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Beware of the Fall Armyworm

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We have had excellent growing conditions so our pastures and hayfields appear to be doing well. There is one threat that we need to be on the lookout for this fall until we have a frost. Fall Armyworm is making an appearance in Western Kentucky and UK’s specialists are concerned it could make its way further east than normal this year. The Fall Armyworm is a caterpillar for the Spodoptera frugiperda moth, which is a tropical pest that migrates to Kentucky and points north annually. It does not overwinter in Kentucky. There are two overwintering populations, one in Florida and one in south Texas. The Fall Armyworms in Kentucky come from Texas. There are two strains, one that prefers corn and grain sorghum, the “Corn Strain” and one that prefers small grasses, the “Grass Strain.”
The grass strain seems to be predominant this year. For Kentucky this year newly planted wheat and newly seeded pasture, hayfields and lawns are at the greatest risk. Fall Army Worm acts just like any grazing animal, eating what it can and moving on. It may or may not kill the grass so reseeding may be necessary. Be particularly sure before reseeding wheat as reseeding into a crop that is growing may result in a double stand that may cause problems.
Existing stands of pasture and hay or lawns are not as susceptible as new stands but could be damaged and stockpiled forage removed. Check fields regularly so that if there are infestations you will not be surprised when you turn livestock in and have little for them to feed on. Late maturing soybeans can also be infested. Soybeans are not the preferred host, but the caterpillars will feed on the plants in the absence of other suitable hosts.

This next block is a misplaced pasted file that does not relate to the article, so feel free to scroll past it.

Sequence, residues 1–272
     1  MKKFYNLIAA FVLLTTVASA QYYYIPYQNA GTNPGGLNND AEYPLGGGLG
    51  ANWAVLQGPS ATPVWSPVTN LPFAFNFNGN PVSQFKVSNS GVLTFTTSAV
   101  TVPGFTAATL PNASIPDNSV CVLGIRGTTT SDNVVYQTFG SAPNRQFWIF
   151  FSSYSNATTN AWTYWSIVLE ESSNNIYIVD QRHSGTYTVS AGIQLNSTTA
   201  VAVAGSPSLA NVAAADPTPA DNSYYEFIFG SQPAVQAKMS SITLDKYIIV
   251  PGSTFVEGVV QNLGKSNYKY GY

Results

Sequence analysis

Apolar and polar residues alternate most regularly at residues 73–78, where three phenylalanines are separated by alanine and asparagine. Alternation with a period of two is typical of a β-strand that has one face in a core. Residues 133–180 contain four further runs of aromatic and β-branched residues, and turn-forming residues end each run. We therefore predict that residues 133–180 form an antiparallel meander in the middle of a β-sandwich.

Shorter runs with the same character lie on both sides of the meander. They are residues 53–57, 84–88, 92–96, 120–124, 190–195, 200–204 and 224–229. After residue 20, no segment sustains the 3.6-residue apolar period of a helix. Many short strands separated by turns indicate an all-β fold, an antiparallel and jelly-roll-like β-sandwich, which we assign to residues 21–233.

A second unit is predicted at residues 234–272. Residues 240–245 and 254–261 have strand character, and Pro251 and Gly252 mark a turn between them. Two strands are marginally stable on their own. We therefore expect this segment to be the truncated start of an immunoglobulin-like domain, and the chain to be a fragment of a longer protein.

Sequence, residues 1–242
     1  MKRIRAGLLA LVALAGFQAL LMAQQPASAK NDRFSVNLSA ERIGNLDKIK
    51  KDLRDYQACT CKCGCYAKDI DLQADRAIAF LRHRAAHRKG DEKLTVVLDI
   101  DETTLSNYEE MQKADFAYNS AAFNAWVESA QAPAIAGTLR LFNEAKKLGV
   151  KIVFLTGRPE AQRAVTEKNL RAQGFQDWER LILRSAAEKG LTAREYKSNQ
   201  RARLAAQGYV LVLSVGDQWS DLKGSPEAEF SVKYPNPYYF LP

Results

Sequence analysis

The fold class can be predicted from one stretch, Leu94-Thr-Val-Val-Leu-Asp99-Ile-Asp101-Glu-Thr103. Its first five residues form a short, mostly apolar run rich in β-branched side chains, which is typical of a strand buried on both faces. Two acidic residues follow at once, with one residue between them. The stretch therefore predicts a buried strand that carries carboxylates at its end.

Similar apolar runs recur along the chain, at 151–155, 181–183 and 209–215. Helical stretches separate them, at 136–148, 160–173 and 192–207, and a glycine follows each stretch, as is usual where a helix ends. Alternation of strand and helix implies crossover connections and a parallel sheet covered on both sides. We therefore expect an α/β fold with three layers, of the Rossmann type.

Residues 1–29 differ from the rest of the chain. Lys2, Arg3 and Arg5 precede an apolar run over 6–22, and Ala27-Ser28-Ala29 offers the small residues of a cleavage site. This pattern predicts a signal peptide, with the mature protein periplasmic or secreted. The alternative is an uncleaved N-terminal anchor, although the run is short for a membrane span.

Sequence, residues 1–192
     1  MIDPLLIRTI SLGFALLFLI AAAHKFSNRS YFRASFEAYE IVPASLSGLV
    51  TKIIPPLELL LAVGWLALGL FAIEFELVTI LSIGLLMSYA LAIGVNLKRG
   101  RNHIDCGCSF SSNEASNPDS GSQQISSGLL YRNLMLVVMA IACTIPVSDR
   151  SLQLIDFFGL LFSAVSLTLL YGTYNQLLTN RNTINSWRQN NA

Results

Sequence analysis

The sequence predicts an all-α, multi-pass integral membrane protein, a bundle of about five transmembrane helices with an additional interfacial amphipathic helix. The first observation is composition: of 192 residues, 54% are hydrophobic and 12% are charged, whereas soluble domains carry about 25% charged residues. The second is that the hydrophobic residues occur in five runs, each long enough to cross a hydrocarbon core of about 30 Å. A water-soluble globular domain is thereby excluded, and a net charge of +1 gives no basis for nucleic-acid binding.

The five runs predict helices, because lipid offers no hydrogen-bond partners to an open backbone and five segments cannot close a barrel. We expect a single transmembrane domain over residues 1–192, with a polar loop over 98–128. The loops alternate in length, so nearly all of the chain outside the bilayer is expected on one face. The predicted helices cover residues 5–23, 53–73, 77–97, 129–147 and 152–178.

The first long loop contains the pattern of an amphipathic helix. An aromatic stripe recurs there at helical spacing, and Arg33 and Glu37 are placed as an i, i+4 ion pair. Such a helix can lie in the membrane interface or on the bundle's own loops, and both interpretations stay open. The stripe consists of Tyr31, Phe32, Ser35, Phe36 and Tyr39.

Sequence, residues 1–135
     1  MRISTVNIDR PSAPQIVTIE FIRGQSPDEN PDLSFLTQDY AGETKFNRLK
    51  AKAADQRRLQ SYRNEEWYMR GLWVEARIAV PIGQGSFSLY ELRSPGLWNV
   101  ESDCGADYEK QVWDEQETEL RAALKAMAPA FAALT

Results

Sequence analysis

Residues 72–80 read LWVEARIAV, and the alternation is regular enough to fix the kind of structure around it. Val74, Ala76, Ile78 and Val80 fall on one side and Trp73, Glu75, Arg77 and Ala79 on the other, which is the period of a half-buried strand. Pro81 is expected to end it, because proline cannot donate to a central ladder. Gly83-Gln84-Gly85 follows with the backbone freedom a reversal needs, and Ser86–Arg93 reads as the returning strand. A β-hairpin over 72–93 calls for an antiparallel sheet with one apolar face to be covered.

Insecticides are available to control Fall Armyworm. Let us know at the extension office if you think you have Fall Armyworm as UK would like to track the progression of the pest. They can also advise a spraying program for severe infestations.
The Marion County Cattlemen’s Association will hold its monthly meeting at 7 p.m., Thursday, Sept. 20, at Floral Hall. Final details of the Cattlemen’s bus trip will be discussed and signups for Ham Days will be taken.
The Master Stocker series of classes started last week and the next class will be at 6 p.m., Tuesday, Sept. 25, at the Nelson County Extension office. For those with an interest in stocker cattle, the Kentucky Stocker Conference will be held at the Fayette County Extension Office from 10 a.m. to 3 p.m., Monday, Oct. 1. Call us at the office if you wish to attend so we can give them a head count. Registration is $10, which includes lunch.
A reminder again that UK will have their Beef Bash at the Princeton Research Farm on Sept. 27. Demonstrations and educational exhibits will include beef cutting, animal composting, cattle age determination, pasture weed control, feeding after drought, genomics in selection and management, grazing wheat, MAG 60 marketing/pre-conditioning, managing around fescue endophyte, nutrigenomics research, reducing hay loss with feeding structures, simplified ration balancing and trailer safety. Participants may also go on a forages tour and learn about sampling, testing and feeding. Call the extension office if you are interested in attending. If there are enough people interested we can travel as a group.
This week is National Farm Safety and Health Week. Take time to review safety information with your employees and in particular younger children and teenagers working on the farm. Be safe!

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